While renovating the house he purchased in 2013, Volker Weidermann made a staggering discovery. Behind a wall of brick and plaster that badly needed rebuilding was a crudely built alcove which hid a mass of letters, diaries, pamphlets, and a book Weidermann had never heard of it.
The book itself was oddly titled ‘Schlump,’ and its author was not listed. But the material which was hidden with it let Wiedermann piece together the story behind the book itself, its author, and just why it had been concealed.
‘Schlump’ was written in 1928 by a Hans Herbert Grimm, an Altenburg schoolteacher. In it, Grimm fictionalized his experiences during the First World War, disguising himself as the main character, in which he is openly critical of his country’s involvement. Grimm goes to great length in ‘Schlump’ to illustrate how German soldiers were “less than heroic, German military strategy as misguided, senseless and foolish, the Kaiser as a coward, and the entire war as a cruel, bad joke.”
Kurt Wolf — ‘Schlump’s’ publisher — was extremely eager to publish it, convinced he had a bestseller on his hands. He felt ‘Schlump’ was the “first proper literary engagement with World War I.” The only hurdle he could foresee was Grimm himself, who needed to be anonymous. He was certain to lose his teaching job, his home, and more than likely his freedom should it be revealed that he was behind this anti-war book.
Without revealing Grimm’s identity, Wolf engaged in a costly marketing campaign. Full page newspaper ads and posters ran throughout Germany, all asking the same question: “Schlump! Have you read ‘Schlump’ yet? This question will soon be on men’s lips everywhere.”
Other pamphlets and broadsides strongly declared that ‘Schlump’ was a book “every German man must read. A turning point in popular and truthful depictions of the war.”
Wolf had his printers going overtime, and sent large quantities of ‘Schlump’ to bookstores throughout Germany. Hedging his bets a bit, he even had the novelist J. B. Priestley translate it into English, so it would be available in England simultaneously with the German release.
He was too late.
Two weeks before the release of ‘Schlump,’ Erich Maria Remarque’s ‘All Quiet on the Western Front’ appeared. Although heavily criticized by war veterans and the government, the novel was a massive success, selling ten thousand copies per day. With this literary sensation on the lips of everyone, ‘Schlump’ was the last thing anyone wanted to purchase.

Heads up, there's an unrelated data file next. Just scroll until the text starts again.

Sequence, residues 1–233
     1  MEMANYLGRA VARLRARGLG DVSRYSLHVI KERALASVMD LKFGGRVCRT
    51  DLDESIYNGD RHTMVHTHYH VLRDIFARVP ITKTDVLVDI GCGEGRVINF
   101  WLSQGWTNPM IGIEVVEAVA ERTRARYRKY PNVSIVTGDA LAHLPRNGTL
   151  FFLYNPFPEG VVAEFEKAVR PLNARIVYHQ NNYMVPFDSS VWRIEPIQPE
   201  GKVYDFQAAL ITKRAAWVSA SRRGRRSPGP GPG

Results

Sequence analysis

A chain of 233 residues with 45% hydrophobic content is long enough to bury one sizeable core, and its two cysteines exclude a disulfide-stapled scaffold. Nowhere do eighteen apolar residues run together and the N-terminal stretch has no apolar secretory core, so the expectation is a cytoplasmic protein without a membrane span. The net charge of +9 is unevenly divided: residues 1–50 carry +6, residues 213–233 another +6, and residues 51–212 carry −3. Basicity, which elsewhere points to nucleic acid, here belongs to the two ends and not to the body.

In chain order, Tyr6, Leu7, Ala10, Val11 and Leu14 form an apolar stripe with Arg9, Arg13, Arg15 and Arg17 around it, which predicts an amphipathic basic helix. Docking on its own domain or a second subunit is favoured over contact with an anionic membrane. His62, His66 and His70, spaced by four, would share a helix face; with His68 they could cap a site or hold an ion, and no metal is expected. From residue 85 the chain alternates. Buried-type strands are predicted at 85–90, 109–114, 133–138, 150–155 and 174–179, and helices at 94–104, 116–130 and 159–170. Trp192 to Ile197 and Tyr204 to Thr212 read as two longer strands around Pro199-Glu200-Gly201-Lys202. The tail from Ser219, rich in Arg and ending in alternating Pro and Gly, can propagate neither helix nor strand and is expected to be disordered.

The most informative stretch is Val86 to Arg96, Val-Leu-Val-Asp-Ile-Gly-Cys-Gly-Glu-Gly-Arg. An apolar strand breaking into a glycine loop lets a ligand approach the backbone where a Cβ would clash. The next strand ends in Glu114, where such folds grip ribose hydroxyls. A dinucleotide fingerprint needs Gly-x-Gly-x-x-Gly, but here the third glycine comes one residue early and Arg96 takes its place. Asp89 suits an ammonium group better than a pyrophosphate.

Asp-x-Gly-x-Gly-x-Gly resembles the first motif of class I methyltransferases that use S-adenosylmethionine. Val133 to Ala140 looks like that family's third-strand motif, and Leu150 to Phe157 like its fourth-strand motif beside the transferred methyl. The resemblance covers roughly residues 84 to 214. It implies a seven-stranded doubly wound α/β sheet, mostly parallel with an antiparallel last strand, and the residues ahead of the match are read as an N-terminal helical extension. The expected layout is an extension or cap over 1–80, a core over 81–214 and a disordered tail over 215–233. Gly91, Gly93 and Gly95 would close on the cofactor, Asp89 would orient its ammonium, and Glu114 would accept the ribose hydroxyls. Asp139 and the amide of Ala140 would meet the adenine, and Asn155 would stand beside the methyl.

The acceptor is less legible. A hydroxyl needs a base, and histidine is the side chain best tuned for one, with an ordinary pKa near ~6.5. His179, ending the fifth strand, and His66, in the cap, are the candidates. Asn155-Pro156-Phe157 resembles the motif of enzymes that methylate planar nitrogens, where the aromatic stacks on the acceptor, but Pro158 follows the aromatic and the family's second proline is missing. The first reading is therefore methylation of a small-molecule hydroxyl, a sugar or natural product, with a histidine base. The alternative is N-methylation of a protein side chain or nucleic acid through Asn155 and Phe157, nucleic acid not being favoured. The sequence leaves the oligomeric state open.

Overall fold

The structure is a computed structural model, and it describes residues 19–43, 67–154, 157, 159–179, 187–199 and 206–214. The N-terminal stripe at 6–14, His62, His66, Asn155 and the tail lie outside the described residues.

Disheartened by the disinterest in his book, Grimm resigned himself to continue teaching. But soon the Nazis came to power, and ‘Schlump’ appeared on their list of books to be burned. Grimm hid the book and anything linking him to it in behind a wall in his house.
To continue teaching, Grimm was forced to pledge allegiance to the Nazi Party, but he not-so-secretly taught against everything the Nazis stood for. When the Second World War broke out, Grimm was sent back into the trenches, this time as an interpreter. No one was more delighted than he was when the Allies defeated Hitler’s regime.
Returning to Altenburg, Grimm soon found out he would never teach again — blocked by the pesky detail of his Nazi Party pledge of allegiance. Although hundreds of students testified about his resistance, and Grimm himself revealed that he wrote ‘Schlump’—which the Nazis banned and burned — it was of no help. Grimm was forced to work in a gravel mine until 1950.
Summoned to a secret meeting by the new GDR government, Grimm returned home and shot himself.
That was the story Volker Weidermann was able to make out of his remarkable find in 2013. Even more remarkable was Weidermann was a literary historian, and knew exactly what to do with ‘Schlump.’
It was republished in Germany in 2014, and in the United States in 2016, to great critical acclaim, not quite a hundred years later.
Mike Selby is Reference Librarian at Cranbrook Public Library